Negative Goodwill: The Law Of Unintended Consequences

Today, I’ll address a concept in business that I’ve labeled negative goodwill. An important concept in trademark law and business, goodwill is that intangible benefit a business derives from its reputation for providing quality products and services that consistently deliver the value promised.  An added feature of the branded product or service is the goodwill associated with the trademark serving as its source identifier.  On the other hand, negative goodwill occurs when that brand is damaged through the actions or neglect of its owner. The BP oil spill is a clear case in point. A toxic spill resulting in massive damage to the businesses and tourist industry of the Gulf of Mexico resulted in a loss of goodwill for BP, so much so that we are continually being inundated with advertisements from BP telling us the “Coast is clear” and “Come on down” in addition to praise for its clean-up effort. However, BP did exacerbate the situation by failure to initially accept full responsibility for the spill and own-up to the amount of oil that was uncontrollably spewing out of the blown-out well. Of course, having their CEO appear for damage control only worsened their predicament when he appeared “put out” by having to manage the crisis. But clearly BP recognized the risk of oil exploration and drilling in the Gulf and the nature of a spill being a calamitous event having an impact on its goodwill.

There are other scenarios where negative goodwill is not the result of a horrendous event such as an oil spill, airplane crash or drug tampering scare, but rather a result of a calculated risk. When Coca-Cola shot itself in the foot with its introduction of “New Coke” to replace the old Coke drink that was rebrand “Coca-Cola Classic” in the 1980’s, the consumer backlash was staggering. And it wasn’t as if sales for Coke were flat. As an old saying goes, “If it aint broke, don’t fix it.” Clearly loyal Coke drinkers were offended by this unwelcome tampering with their beloved drink. Other successful brands suffering consumer disdain include Miller’s brief fancy with clear beer and Clairol’s decision to put the names of food in its hair shampoos “Look of Buttermilk” and “Touch of Yogurt.” Of course, no one of age will forget the short-lived automobile called the Edsel. However, there are many more situations where the marketing folks for the major consumer brands are quite successful in the introduction of new products. These unintended consequences were more or less the downside result of brands’ calculated risks, probably taken only after focus groups and considerable study, so while their failure does not sully them in the consumer’s eye, the same cannot be said of the next group.

The negative goodwill resulting from some of the coupon and loyalty programs that major brands offer consumers is quite appalling. Rather than achieving loyalty, they often result in frustration, diminishing brand reputation, which is clearly an unintended consequence. Of a particularly galling nature is the Gas Rewards Loyalty Program currently run by the grocery chain, Super Stop & Shop in the Northeastern U.S. For every $100 spent, the consumer is awarded $.10 off the price of a gallon of gasoline at the nearby Shell Station. Spend $200, you get $.20 off per gallon and so on. However, the points expire within a certain period of time, so that my average award was $.20 while my best was $.40. Initially, the price per gallon at Shell was fairly comparable to other brands. However, the last month or so, I’ve noticed as much as a $.25 higher price per gallon at Shell. Imagine the negative goodwill for a branded loyalty program that clearly implies its customers are fools, not able to understand that Shell must be underwriting part of the program and therefore needs to charge higher prices, having the net effect of no gain for your effort to find a Shell station and swipe your loyalty card. Other examples include the brands that stuff the papers full of coupons that are almost impossible to redeem. Or when the automobile dealership where you purchased your vehicle sends you a free oil change coupon for a different model. Of the online variety, Groupon is a service that promises more business sales, but seems to be more trouble than it’s worth. A client recently complained of the effort to serve her Groupon customers and lamented the fact that none had any interest in considering her other products and services. Coupon customers paying half the freight of regular customers while detracting from the ability to serve all customers is hardly a way to increase goodwill. Lately, I’ve been flooded by junk email from an online news aggregator begging me to use their tools and website. While their model didn’t work for me, I might have been inclined to recommend it to a friend, but for the junk mail.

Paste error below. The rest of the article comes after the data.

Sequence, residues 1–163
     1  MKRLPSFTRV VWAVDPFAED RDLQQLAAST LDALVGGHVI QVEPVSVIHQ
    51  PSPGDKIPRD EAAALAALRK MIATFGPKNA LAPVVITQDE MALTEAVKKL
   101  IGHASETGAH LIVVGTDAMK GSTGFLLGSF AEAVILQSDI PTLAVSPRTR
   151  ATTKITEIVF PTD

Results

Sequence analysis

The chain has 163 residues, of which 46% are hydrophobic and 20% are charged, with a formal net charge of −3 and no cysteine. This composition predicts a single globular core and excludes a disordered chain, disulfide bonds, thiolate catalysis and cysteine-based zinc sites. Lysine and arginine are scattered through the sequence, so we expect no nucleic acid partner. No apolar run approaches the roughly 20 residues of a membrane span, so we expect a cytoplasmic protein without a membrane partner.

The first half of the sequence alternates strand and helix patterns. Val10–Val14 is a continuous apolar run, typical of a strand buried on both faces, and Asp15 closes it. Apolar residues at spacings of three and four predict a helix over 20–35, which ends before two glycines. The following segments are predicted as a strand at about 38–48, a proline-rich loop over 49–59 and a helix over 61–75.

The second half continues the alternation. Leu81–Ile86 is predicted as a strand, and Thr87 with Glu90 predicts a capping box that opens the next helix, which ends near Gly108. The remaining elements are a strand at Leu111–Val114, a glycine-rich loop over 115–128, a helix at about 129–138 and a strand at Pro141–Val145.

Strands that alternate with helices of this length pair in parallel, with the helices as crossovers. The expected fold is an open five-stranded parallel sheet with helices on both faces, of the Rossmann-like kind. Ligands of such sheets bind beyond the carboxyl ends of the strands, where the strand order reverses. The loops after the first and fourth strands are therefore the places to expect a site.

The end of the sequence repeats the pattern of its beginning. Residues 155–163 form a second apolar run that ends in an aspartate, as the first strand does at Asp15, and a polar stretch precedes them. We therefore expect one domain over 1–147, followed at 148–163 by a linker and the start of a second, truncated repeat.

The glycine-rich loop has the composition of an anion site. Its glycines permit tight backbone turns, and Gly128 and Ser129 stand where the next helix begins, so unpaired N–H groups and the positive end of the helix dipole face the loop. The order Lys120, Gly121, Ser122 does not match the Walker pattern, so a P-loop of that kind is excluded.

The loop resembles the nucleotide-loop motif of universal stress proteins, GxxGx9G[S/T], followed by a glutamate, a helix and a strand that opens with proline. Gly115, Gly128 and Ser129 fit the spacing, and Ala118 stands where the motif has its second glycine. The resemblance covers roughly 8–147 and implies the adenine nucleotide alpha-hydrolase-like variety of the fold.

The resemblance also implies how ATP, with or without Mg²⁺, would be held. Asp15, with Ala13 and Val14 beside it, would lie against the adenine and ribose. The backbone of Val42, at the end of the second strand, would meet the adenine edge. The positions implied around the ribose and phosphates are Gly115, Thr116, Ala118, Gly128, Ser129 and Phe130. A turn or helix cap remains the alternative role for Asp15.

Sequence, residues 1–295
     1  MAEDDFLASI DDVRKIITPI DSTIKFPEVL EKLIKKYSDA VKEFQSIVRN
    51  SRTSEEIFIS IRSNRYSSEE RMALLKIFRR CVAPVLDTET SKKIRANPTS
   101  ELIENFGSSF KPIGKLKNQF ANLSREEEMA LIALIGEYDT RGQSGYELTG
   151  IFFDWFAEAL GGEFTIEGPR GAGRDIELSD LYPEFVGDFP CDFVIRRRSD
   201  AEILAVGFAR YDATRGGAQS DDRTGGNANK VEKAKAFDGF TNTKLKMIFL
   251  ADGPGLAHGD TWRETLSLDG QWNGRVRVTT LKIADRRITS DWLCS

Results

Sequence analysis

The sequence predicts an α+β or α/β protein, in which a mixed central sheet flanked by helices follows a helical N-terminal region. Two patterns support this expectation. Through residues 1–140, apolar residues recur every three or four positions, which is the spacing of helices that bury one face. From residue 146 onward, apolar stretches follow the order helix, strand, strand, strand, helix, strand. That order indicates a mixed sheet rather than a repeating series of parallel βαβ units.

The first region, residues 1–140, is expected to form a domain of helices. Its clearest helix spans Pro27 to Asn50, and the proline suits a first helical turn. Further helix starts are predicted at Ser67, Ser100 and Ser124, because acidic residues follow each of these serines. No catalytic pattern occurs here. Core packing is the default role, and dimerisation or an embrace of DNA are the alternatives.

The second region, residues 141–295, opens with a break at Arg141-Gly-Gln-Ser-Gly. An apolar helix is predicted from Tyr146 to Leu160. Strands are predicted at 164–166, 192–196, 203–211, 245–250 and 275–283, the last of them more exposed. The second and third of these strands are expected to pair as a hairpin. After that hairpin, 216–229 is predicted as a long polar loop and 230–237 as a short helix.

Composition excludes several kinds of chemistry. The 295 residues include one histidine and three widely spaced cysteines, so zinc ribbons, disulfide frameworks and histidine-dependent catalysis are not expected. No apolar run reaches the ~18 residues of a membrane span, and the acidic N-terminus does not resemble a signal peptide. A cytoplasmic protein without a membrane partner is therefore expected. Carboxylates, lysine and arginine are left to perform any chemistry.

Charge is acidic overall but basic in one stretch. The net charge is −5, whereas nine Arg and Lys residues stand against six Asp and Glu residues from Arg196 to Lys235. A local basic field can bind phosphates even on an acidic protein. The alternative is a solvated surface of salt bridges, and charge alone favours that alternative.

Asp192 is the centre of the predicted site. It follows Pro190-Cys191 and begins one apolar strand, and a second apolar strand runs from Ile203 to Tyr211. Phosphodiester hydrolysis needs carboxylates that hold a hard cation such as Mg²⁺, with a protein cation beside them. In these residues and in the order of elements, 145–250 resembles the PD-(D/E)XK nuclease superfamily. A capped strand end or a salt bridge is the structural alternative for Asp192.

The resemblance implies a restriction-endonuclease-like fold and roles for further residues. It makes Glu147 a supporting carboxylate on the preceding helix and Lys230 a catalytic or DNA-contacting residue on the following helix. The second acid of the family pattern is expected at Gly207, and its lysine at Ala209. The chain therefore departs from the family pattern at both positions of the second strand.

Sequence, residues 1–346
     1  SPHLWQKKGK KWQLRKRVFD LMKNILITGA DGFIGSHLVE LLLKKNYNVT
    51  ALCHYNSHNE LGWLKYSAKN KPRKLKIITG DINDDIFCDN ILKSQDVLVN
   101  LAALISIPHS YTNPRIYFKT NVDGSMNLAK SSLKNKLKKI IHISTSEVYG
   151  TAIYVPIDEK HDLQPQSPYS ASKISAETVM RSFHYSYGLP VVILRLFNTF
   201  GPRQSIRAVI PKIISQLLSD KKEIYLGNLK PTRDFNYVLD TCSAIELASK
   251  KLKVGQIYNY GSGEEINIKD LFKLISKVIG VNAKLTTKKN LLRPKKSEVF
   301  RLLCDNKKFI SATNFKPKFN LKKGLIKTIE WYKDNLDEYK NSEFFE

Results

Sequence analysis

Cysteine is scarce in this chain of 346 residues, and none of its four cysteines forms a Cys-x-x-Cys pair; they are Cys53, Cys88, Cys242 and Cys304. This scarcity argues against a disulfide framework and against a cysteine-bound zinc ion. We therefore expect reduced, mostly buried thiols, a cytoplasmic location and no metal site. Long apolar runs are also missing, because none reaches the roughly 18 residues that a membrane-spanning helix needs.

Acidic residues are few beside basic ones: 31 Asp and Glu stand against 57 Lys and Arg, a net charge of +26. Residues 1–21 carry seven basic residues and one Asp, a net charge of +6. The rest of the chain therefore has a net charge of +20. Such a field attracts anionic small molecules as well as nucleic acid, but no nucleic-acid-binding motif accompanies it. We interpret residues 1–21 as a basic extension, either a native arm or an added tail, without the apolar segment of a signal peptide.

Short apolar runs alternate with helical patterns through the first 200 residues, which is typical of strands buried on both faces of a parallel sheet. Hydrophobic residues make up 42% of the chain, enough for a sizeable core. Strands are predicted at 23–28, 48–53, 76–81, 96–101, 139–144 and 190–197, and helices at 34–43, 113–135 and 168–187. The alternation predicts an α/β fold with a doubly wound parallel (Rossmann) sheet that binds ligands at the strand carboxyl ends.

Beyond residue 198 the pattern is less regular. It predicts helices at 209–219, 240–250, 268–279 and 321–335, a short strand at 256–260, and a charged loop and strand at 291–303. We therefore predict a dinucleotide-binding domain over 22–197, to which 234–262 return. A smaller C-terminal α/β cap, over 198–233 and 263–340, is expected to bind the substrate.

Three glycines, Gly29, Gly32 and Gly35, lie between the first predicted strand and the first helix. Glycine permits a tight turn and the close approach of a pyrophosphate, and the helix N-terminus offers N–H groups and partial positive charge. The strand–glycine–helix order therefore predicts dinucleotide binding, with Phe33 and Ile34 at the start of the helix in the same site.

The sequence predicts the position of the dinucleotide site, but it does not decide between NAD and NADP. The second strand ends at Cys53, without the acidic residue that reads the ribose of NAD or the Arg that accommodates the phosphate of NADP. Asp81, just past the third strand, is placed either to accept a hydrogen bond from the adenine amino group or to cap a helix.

Goodwill does have enormous value in business as an intangible asset. Registering brand names of products and services as trademarks can enhance reputational goodwill while serving as a source identifier of your goods and services to the consumer. While reputation for having consistent quality products and services priced for value in the marketplace does not come overnight; however unfair; the reality is that customers can be offended and lost in an instant. Most goodwill involves an arduous process of marketing and delivering value. Don’t sacrifice the hard earned goodwill of your business on short-sighted programs and gimmicks that may offend more than reward.